Study Guide

The Rules of Survival Fear

By Nancy Werlin


Emmy, the events we lived through taught me to be sure of nothing about other people. They taught me to expect danger around every corner. They taught me to understand that there are people in this world who mean you harm. And sometimes, they're people who say they love you. (P.5)

Matthew's upbringing isn't exactly conducive to a healthy outlook on life. Instead of trusting people or believing in the good of the world, he's filled with pessimism and fear. After all, people are pretty awful sometimes.

It wasn't really his fault, that he was so useless. My dad was afraid of our mother. He kept out of her way. On the few occasions they were in the same room together, he wouldn't even meet her eyes. I didn't blame him for it too much. I understood. She was unpredictable. (1.6)

Ben is not exactly the best role model—instead of standing up to Nikki and telling her that she needs to stop mistreating the kids, he just skulks away. He's just as scared as the rest of them.

You could smell the kid's fear floating on the stale, air-conditioned store air. He stole one little look behind Murdoch at the big man, and you could see him thinking, I'll have to pay for this later. (1.29)

When Matthew and Callie see that kid being yelled at for taking a bag of candy, they freeze up. That's because they recognize his fear and the way that his father is speaking to him; they know what it's like to be utterly terrified of a parent.

I don't know if you'll understand this, Emmy, but for me, fear isn't actually a bad thing. It's a primitive instinct that's your friend. It warns you to pay attention, because you're in danger. It tells you to do something, to act, to save yourself. (2.1)

Fear makes sense in an evolutionary way because it helps you to recognize when there's danger, but it doesn't make sense if you're living in a state of constant fear. Matthew and his siblings are always afraid, which is a pretty uncomfortable way to live.

God's honest trust, Emmy: I don't think I was ever able to look at our mother and just see her. Instead, I'd see in my memory the things she did over the years and the expression on her face when she did them. So I could never quite believe that strangers didn't run screaming down the street at the very sight of her. (6.1)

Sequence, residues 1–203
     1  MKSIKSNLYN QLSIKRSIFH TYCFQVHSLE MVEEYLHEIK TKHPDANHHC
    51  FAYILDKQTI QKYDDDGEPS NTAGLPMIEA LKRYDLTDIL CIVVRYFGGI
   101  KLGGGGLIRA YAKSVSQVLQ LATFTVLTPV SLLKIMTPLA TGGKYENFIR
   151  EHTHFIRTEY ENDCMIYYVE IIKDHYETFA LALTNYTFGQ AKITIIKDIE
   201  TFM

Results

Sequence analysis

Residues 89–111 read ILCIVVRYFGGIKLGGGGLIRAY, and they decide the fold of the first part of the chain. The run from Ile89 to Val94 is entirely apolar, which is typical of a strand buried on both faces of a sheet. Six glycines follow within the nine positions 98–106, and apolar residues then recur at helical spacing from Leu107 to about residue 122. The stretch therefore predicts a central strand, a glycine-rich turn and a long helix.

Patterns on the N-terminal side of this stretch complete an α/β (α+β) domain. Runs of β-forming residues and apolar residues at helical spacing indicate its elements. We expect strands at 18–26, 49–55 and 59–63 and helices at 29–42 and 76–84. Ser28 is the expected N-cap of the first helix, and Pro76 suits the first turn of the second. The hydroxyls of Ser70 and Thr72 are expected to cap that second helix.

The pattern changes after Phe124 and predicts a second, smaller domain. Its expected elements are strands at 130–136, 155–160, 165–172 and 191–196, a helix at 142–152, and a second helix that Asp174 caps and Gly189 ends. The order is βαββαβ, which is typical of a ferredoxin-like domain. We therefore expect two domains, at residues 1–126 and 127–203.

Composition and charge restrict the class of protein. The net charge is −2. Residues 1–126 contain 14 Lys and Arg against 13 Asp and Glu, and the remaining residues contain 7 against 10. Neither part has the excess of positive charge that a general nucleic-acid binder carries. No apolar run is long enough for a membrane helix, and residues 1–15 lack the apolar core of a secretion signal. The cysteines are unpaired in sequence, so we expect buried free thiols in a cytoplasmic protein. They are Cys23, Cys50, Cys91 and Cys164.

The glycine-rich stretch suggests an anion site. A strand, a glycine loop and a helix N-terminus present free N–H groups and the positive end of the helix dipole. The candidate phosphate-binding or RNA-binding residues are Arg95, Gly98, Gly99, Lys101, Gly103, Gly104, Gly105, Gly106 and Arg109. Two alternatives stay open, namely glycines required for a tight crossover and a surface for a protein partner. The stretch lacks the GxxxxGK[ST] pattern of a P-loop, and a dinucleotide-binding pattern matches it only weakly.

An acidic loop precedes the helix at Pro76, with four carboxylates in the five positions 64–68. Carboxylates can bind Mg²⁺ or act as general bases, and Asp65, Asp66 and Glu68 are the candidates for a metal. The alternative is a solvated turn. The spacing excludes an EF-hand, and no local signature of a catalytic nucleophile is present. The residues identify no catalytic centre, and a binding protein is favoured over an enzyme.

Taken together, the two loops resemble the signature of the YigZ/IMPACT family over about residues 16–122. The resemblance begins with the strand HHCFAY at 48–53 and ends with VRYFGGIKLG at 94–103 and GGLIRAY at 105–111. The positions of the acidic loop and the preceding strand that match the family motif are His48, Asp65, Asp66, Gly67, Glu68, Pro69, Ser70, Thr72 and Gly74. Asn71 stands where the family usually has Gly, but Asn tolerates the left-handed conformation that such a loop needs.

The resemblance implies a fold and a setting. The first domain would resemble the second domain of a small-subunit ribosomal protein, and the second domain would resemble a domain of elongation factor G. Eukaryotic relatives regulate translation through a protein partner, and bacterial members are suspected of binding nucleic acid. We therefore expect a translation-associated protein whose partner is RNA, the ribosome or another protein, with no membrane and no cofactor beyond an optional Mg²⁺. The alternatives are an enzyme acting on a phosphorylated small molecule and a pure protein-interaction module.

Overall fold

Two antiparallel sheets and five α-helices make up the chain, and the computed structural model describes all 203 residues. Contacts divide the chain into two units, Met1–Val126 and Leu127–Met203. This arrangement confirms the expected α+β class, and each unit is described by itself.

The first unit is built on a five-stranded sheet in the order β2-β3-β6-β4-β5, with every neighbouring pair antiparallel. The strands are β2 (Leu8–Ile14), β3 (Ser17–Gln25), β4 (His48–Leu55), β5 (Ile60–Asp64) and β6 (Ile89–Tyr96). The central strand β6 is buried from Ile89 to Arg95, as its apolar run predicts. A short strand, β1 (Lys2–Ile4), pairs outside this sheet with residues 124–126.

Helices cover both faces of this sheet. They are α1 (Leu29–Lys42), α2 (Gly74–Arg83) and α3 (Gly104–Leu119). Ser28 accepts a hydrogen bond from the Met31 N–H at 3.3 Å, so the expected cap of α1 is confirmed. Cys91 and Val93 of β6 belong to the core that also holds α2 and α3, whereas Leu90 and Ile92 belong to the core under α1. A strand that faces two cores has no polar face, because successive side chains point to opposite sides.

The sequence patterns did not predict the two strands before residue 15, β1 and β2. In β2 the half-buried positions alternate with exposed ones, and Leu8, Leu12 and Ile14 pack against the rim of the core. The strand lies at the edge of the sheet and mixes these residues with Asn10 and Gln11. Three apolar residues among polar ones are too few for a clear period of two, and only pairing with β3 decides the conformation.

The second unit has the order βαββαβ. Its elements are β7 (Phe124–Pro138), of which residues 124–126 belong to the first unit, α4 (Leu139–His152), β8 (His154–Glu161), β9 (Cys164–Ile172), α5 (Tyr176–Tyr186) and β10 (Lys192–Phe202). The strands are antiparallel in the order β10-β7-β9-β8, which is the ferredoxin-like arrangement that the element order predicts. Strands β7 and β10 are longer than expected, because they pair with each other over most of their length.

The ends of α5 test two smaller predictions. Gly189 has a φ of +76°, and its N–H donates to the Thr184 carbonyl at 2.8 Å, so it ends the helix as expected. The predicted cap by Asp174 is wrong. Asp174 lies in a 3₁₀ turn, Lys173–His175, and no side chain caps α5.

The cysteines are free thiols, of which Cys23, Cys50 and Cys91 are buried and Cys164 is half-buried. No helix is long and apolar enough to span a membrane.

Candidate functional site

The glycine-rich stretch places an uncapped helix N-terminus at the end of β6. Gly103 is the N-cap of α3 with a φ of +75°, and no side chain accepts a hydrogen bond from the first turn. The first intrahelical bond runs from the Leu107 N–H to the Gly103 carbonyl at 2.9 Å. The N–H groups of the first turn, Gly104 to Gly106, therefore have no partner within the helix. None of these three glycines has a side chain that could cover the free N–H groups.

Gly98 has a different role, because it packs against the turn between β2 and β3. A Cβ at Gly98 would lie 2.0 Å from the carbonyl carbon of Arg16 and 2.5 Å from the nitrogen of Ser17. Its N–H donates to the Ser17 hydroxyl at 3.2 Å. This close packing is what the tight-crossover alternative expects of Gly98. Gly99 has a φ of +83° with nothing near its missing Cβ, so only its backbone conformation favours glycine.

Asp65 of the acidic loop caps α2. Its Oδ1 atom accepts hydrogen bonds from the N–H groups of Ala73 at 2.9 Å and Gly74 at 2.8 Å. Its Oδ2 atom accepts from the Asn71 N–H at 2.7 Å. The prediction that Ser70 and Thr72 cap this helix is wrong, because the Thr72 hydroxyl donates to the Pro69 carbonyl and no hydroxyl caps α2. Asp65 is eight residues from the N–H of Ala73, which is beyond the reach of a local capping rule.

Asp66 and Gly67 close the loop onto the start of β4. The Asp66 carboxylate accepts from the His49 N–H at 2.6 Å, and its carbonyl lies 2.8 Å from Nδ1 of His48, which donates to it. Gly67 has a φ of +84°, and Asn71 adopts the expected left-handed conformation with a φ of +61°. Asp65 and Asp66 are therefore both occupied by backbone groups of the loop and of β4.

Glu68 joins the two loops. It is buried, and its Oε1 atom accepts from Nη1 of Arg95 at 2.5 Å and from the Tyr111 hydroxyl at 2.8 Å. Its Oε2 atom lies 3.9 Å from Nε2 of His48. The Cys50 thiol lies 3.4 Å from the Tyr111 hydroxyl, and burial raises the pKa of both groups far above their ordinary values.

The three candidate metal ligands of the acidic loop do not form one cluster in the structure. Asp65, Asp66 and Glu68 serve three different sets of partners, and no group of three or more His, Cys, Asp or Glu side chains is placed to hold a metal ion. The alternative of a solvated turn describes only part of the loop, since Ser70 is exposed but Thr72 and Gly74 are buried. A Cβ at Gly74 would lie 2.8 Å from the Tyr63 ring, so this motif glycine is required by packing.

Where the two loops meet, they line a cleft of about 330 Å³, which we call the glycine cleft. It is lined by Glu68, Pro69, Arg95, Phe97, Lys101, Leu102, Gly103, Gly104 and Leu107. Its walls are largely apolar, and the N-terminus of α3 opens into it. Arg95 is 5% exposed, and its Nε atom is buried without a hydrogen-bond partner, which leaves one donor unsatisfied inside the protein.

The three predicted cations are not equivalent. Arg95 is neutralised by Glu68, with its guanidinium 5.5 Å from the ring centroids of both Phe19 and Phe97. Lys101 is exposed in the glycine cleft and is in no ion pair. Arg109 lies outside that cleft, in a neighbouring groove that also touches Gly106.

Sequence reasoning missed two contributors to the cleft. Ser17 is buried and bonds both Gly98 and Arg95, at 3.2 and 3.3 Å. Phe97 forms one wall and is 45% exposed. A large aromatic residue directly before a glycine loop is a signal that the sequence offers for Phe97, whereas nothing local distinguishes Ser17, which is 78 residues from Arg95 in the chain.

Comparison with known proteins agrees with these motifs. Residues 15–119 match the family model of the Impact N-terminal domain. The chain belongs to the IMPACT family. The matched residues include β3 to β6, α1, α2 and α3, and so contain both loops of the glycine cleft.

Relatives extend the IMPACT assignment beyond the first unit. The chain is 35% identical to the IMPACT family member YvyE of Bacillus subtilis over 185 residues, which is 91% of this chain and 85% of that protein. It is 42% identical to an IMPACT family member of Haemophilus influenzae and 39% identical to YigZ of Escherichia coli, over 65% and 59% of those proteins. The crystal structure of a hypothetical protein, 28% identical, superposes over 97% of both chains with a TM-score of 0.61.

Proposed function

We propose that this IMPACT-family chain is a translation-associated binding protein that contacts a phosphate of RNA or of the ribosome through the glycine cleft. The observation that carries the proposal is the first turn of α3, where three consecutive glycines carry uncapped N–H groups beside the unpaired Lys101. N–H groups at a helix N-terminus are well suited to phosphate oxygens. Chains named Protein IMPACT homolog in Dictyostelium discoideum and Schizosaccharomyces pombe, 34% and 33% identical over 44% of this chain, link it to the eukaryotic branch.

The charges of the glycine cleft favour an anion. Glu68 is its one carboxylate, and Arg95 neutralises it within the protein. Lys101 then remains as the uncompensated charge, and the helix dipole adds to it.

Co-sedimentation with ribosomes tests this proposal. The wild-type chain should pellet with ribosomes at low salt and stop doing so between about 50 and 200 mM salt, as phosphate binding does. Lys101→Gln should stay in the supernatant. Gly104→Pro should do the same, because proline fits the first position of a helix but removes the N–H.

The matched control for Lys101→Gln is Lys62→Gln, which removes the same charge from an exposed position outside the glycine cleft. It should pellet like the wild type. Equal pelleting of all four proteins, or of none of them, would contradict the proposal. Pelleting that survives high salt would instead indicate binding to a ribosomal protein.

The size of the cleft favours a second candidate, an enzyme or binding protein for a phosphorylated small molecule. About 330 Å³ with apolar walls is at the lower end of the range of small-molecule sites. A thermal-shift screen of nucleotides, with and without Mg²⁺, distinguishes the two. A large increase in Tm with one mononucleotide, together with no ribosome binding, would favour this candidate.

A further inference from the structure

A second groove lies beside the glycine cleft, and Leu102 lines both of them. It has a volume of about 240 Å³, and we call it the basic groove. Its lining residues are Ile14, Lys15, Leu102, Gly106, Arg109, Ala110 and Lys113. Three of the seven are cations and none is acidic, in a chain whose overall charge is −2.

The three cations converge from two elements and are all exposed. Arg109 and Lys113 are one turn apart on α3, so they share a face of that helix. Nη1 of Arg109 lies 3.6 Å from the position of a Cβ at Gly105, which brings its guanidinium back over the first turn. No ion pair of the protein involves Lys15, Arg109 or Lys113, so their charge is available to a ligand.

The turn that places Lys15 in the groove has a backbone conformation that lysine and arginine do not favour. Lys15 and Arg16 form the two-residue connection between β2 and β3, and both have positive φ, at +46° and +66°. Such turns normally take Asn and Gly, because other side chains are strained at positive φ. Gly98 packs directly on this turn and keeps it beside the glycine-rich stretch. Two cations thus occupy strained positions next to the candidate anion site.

Nikki looks like a hot mama to most of the outside world… but Matthew sees her as completely different. To him, she looks like a monster because he just sees all the mean and violent things that she's done to them.

I sat in the silence, in the passenger seat of the rented Jeep, my mouth dry and my hands shaking. I could feel Callie's terror from the backseat, but she said nothing either. There was nothing to say. (12.50)

You have to hand it to Nikki—she comes up with lots of creative ways to terrify the kids. From holding knives to their necks, to locking them in closets, to driving into opposing traffic… she keeps it varied.

"I'm just thinking things out." Callie's voice was flat. "Emmy feeling safe is dangerous. For her. For us. It's just a fact, Matt. I never imagined she would feel safe." She added: "I never have." (18.23)

On one hand, it's a good thing that Emmy hasn't been as traumatized as her siblings. On the other hand, it's a bad thing that she doesn't act like she's scared of Nikki because her attitude just infuriates Nikki and sets her off.

It's strange. The rest of us all admit that Nikki was enough to give anyone nightmares. Even Murdoch. But Aunt Bobbie, who had known Nikki for the longest time and was afraid for the longest time, too, has wiped the fear from her mind like dirt from a window. (31.7)

It's kind of nice to live with Aunt Bobbie now that Nikki no longer has custody because Aunt Bobbie refuses to be afraid of her sister. Instead of admitting that Nikki is truly terrifying, Aunt Bobbie talks about her like she's an annoyance.

We had won our freedom. But it wasn't at all what I'd thought it would be. It didn't make me feel completely safe, the way I'd dreamed.

Nikki was still out there. (38.18-19)

So much for the criminal justice system. The Walsh kids are thrilled that Nikki doesn't have custody anymore, but they're bummed that she's not locked up for a long time. It's scary to know that she's out there somewhere, looking for them.

I was amazed and shocked at what I had just done. I wasn't just taller than Nikki now. I was stronger.

And yet, it didn't matter. Fear pulsed in me still. (44.29-30)

Even though Matthew is a big dude now that he's gone through his growth spurt and has spent lots of time working out, he's still scared of Nikki. He could beat her up, but he can't help but feel the familiar fear when he's around her.